In Australia's Chinatown districts this weekend, the smell of roast duck will waft through the air and the sound of drums and gongs will be heard. It all signals the start of Lunar New Year festivities.
Although Chinese New Year is January 25, the major capitals will host a colourful list of events over the next few weeks. According to the 2016 census, there are about 350,000 Chinese living in greater Melbourne and close to 500,000 in metropolitan Sydney.
The Lunar New Year is also celebrated by our Korean, Japanese and Vietnamese communities - usually with as much noise, colour and eating as possible.
Sydney will kick off the Year of the Rat with parades through Dixon Street in Chinatown, exuberant lion dances and banquets. Here are some of the events you can catch.
Throughout the Sydney Lunar Festival, the famous Golden Century restaurant will have a special banquet menu of seafood and noodle delicacies eaten during this time of the year. Take in a 360-degree view of the city at the Sydney Tower Lunar New Year Buffet with classics such as dim sum, ginger and soy fish, ma po tofu, kung pao chicken as well Hokkien noodles. Several bars and restaurants are offering Lunar New Year specials, so check before booking.
Dragon boat races
More than 3000 dragon-boat racers churn the waters of Darling Harbour as crowds of spectators line Cockle Bay Wharf to see the spectacular 12-metre boats battle it out. The largest of its kind in the Southern Hemisphere, this exciting regatta is held over the first weekend in February. Originating in the rivers of Southern China as a way to encourage prosperous rains, today dragon boat racing has evolved into a fast-paced water sport with a passionate following.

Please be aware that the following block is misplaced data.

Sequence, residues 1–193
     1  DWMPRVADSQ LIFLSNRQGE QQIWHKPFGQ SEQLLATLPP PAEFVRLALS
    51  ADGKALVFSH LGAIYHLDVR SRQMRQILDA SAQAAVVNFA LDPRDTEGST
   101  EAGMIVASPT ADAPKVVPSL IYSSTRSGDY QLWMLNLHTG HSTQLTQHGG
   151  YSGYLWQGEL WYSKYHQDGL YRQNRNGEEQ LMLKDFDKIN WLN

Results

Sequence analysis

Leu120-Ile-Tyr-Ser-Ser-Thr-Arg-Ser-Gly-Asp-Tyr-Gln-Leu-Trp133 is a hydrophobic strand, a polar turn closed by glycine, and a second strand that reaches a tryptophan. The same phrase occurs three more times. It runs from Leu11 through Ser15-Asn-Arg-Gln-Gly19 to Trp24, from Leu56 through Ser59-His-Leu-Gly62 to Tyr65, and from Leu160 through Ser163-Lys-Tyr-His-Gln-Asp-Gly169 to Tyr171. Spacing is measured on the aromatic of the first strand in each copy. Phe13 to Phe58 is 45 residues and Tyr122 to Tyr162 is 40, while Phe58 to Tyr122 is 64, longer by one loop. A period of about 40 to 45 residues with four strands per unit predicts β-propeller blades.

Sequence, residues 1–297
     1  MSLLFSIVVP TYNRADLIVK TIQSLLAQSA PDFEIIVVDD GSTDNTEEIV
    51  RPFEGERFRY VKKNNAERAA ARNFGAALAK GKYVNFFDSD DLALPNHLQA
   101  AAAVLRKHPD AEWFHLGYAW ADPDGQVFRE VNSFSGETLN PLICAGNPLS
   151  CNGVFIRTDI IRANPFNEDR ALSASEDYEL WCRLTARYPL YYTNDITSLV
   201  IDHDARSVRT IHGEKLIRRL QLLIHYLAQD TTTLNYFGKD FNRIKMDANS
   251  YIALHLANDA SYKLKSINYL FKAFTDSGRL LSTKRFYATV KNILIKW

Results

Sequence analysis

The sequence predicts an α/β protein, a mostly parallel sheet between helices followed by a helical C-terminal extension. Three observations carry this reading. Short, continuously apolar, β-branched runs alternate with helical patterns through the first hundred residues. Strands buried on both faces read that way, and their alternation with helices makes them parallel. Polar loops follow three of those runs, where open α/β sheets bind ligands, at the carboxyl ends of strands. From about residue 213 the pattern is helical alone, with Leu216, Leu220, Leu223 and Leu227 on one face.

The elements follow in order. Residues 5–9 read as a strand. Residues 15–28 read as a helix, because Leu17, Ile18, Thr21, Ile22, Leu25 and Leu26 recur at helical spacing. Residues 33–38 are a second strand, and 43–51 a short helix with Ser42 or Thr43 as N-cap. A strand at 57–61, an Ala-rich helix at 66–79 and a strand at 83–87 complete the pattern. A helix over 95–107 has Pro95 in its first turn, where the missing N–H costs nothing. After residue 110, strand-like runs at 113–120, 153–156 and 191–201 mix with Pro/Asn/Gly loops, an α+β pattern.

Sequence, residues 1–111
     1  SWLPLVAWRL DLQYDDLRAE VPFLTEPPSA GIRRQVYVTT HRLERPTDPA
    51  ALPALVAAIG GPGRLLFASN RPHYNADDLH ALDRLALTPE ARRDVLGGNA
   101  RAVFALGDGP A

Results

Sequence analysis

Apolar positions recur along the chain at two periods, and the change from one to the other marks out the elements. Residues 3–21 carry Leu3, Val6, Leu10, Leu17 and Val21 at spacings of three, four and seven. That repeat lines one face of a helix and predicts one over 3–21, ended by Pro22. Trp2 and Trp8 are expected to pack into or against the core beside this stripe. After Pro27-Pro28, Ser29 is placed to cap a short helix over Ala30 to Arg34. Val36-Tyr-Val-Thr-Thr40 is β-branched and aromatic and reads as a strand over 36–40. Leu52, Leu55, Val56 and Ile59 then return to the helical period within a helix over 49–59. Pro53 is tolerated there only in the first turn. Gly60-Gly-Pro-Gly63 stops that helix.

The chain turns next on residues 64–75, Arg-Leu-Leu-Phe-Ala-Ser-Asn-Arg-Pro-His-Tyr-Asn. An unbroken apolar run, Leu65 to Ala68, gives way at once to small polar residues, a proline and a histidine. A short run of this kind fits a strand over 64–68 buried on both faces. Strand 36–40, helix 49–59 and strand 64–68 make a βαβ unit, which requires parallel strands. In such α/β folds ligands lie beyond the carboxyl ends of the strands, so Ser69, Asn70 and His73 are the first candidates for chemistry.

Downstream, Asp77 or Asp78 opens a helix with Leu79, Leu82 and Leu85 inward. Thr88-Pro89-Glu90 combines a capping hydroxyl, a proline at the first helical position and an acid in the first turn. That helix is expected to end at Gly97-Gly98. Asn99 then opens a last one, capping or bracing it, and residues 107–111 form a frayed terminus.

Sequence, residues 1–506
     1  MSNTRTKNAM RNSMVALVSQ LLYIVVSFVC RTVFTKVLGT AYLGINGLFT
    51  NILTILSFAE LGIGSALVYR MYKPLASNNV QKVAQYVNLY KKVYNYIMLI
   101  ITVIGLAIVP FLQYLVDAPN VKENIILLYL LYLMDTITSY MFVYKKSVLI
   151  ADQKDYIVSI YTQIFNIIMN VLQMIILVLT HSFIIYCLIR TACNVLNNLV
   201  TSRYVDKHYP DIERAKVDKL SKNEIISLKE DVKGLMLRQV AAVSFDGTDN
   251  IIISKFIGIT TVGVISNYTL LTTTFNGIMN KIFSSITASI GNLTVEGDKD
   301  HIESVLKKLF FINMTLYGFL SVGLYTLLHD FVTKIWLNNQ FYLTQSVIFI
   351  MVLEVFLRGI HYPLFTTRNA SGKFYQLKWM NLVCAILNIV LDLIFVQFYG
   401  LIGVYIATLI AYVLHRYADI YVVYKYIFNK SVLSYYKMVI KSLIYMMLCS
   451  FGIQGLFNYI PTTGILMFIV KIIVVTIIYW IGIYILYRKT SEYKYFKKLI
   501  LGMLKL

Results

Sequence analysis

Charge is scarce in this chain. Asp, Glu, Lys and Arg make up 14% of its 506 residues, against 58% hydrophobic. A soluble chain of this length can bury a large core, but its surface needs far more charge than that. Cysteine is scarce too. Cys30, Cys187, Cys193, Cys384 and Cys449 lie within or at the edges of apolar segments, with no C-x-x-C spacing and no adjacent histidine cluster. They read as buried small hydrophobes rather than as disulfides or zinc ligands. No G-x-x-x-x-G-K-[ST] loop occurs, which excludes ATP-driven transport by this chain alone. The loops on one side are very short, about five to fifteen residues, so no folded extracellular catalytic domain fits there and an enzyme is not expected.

MCA: Guan Wei exhibition
Chinese-Australian artist Guan Wei's unique pieces are an exploration of his Chinese heritage and influences of the West. He works across painting, sculpture and installations, and his unique pieces reflect themes like the human condition and address contemporary issues such as climate change, migration and exile. The exhibition will bring together four pieces of work from the MCA Collection.
Celebrate Lunar New Year Korean-style
"Seollal" is the name for the Korean Lunar New Year and it's a time when families gather together to eat, wish each other good fortune, perform family ceremonies and play folk games. The Korean Cultural Centre in the city centre is holding a special event on February 8 where everyone can learn about Korean traditions. There are food tastings of tteokguk (rice-cake soup), hands-on crafts and a chance to try on a traditional Korean garment, the hanbok. Bookings essential; see koreanculture.org.au.
Out of the city: Parramatta
On February 7, the heart of Western Sydney will be holding a Lunar Festival in Centenary Square, Parramatta. Throughout the evening, there will be cultural performances from Chinese, Vietnamese and South Korean troupes. There will also be workshops on the ancient art of calligraphy, cooking classes, as well as lantern-making classes. Parramatta City will also host a range of food stalls and while you chow down on your chow mein, watch the dragon and lion dances, firecracker displays and a fireworks finale at 9pm.
Walk: Chinatown is a 10-minute walk from Central Station, and it is where most of the festivities will take place. Parramatta's Centenary Square is a five-minute walk from Parramatta Station.
Stay:The Old Clare Hotel in Chippendale is about a 25-minute walk from Chinatown and is priced from $239 per night.
Explore more: whatson.cityofsydney.nsw.gov.au
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